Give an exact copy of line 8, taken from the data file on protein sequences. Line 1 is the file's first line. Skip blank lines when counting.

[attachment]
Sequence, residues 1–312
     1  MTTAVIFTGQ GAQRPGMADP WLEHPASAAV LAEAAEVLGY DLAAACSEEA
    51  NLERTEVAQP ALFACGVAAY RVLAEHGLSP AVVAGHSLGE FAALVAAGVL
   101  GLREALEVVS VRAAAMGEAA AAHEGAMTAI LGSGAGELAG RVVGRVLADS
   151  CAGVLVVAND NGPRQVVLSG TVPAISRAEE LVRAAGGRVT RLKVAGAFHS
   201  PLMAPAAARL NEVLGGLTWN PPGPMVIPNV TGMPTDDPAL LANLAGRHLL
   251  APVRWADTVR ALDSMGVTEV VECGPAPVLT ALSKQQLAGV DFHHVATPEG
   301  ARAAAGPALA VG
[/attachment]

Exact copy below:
   301  ARAAAGPALA VG